Ancient Roman boat from empire's frontier unearthed in Serbian coal mine

We see a group of people standing around the ancient wooden planks of a boat in a desert-like place.
The wooden remains and the layers of sand above them were damp, indicating the wreck was protected by moisture from the air. (Image credit: Institute of Archaeology, Belgrade)

Coal miners in Serbia have discovered the remains of a large wooden boat likely used by the Romans to supply a nearby city and military headquarters on the empire's frontier.

Archaeologists are waiting for radiocarbon dates of wood from the remains, but they think it may be from the third or fourth centuries A.D. They suggest the ancient vessel carried supplies along small rivers between the Danube River and the Roman city of Viminacium about 1 mile (1.6 kilometers) away, which was established early in the first century A.D.

The ancient wreck was unearthed in late July at the Drmno surface coal mine near Kostolac, about 30 miles (50 km) east of Belgrade.

The wooden remains were buried in a layer of silt about 25 feet (8 meters) below the surface. The mine's coal seam is reached by cutting away the topsoil with a mechanical digger, and the wreck was found on the wall of the cutting.

Archaeologists think the flat-bottomed boat once carried cargo along waterways between the Danube and the Roman city of Viminacium. (Image credit: Institute of Archaeology, Belgrade)

The miners who found it then contacted archaeologists at the nearby Viminacium archaeological park, which is operated by the Belgrade-based Institute of Archaeology.

Organic materials like wood usually rots when exposed to air, but  the wooden boards and the sand above them were damp, so it seemed that moisture had helped preserve the ancient vessel, a spokesperson told the Serbian website Sve o arheologiji

Related: Roman aqueduct and 'luxurious' burials unearthed during construction of underground parking garage in Serbia

But after it was unearthed, "the great danger was the bright sun, which threatened to dry out the ship too quickly," so the archaeologist doused the remains with water as they excavated the wreck, the spokesperson noted.

A team of archaeologists excavate the remains of the ancient boat while the coal mine's giant machines operate nearby. (Image credit: Institute of Archaeology, Belgrade)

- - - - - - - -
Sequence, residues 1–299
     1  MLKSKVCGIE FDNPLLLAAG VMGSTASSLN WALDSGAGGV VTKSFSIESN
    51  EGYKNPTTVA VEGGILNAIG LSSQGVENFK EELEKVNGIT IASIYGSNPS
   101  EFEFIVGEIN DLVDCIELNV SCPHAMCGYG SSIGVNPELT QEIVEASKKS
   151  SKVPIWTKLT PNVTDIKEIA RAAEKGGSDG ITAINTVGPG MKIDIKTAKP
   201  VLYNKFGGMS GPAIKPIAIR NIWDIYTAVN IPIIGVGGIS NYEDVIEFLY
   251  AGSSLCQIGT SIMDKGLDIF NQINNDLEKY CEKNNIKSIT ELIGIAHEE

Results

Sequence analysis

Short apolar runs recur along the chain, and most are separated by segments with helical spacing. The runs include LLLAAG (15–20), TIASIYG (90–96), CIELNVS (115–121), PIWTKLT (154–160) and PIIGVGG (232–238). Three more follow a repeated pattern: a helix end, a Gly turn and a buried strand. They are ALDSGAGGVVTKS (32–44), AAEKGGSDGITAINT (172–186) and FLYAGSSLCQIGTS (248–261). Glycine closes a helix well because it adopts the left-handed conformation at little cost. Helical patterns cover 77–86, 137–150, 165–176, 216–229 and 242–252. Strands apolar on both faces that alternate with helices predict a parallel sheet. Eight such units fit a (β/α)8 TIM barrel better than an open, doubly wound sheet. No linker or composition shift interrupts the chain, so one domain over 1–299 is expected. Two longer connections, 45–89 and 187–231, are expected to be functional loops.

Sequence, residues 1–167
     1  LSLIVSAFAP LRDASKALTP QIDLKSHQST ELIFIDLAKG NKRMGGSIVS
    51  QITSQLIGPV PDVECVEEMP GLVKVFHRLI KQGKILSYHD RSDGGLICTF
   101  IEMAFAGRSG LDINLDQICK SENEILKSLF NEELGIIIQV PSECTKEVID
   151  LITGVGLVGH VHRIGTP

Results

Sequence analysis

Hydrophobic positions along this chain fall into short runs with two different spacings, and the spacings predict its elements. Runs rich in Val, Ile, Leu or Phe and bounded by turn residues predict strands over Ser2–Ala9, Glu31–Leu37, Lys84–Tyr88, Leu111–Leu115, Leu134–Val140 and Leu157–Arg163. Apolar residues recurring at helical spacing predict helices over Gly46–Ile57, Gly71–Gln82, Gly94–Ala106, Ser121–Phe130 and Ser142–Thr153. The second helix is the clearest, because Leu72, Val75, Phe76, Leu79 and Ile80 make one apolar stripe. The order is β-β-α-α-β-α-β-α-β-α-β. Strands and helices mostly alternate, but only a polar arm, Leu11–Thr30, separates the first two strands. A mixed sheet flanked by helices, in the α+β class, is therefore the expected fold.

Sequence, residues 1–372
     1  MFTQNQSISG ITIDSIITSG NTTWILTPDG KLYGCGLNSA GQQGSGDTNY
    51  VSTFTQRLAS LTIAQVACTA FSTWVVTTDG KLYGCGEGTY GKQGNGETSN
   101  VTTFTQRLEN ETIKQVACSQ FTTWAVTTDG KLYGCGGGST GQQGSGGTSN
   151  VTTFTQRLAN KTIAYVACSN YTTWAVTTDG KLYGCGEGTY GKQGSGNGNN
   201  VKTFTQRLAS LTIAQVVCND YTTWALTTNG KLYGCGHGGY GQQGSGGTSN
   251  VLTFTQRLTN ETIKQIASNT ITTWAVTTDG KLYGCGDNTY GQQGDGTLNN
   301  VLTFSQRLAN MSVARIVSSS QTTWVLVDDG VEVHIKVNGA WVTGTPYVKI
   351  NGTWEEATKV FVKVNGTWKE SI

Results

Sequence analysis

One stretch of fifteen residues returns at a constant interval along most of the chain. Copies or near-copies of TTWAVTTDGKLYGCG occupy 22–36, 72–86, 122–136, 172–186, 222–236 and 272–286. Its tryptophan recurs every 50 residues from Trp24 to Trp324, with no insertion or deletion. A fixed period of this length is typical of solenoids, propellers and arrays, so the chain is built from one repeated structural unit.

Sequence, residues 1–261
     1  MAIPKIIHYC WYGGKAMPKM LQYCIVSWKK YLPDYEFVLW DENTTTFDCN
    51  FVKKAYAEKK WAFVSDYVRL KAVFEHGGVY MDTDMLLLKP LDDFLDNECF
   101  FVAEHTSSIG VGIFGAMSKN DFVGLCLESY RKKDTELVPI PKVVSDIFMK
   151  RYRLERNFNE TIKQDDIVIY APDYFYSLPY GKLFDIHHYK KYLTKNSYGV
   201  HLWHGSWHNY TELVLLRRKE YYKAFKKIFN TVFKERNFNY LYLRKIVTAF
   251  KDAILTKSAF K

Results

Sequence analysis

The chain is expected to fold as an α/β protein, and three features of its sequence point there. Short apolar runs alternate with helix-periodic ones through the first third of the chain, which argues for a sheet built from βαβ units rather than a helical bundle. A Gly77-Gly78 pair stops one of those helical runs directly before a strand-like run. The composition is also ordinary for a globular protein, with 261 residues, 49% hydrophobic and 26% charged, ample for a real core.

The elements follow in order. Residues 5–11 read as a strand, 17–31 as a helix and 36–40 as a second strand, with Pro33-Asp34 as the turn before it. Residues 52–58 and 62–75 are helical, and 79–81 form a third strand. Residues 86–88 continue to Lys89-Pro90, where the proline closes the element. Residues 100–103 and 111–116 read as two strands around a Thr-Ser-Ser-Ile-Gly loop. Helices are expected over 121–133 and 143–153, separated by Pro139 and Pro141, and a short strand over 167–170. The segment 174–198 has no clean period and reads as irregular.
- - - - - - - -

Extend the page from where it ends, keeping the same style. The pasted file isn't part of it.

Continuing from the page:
Vital supply boat

The vessel was originally about 65 feet (20 m) long and about 12 feet (3.5 m) wide. It was flat-bottomed, like a barge, and the archaeologists think it was used to carry cargo between the Danube and Viminacium.

"It is likely that the barge was towed from the shore or driven by oars, and in suitable situations the ship could also use the wind to move, using an auxiliary sail," the archaeologists said.

The wreck is not the first ancient vessel unearthed nearby: The remains of similar boats were found in the area in 2020, indicating the region was once a navigable backwater of the nearby Danube.

Imperial frontier

Viminacium was a combined Roman settlement and military fort, and after A.D. 87 it was the capital of the Roman Empire's Upper Moesia (Moesia Superior) frontier province.

It was an important trading hub and a regional center of Roman culture. Archaeologists estimate Viminacium had a population of up to 45,000 people, making it one of the largest settlements in the Balkans at that time. 

Several Roman legions were based at the fort there, and the people to the north were notoriously belligerent toward the Romans.

But the city and fort were destroyed by the Huns in 411, who ended Roman rule in much of Europe. Viminacium was rebuilt early in the sixth century by the Byzantine emperor Justinian the Great, but it was destroyed again in 582 by invading Avars from the Eurasian steppe.

The remains of similar boats have been found nearby, indicating the entire area was once a navigable backwater of the Danube. (Image credit: Institute of Archaeology, Belgrade)

Roman treasures 

Viminacium's ruins were discovered in the 19th century, and it is now one of Serbia’s most important Roman sites, although it’s estimated that only a small percentage of it has been excavated.

Archaeologists have unearthed tens of thousands of artifacts there, including hundreds made from silver and gold, as well as richly decorated tombs, ancient workshops, palaces, temples, streets, plazas and fortifications; Roman baths; a track for racing chariots; and an amphitheater for 12,000 people. 

In 2021 the remains of at least 13 dogs were discovered in the ruins of the amphitheater, where they may have been sacrificed. 

Live Science Contributor

Tom Metcalfe is a freelance journalist and regular Live Science contributor who is based in London in the United Kingdom. Tom writes mainly about science, space, archaeology, the Earth and the oceans. He has also written for the BBC, NBC News, National Geographic, Scientific American, Air & Space, and many others.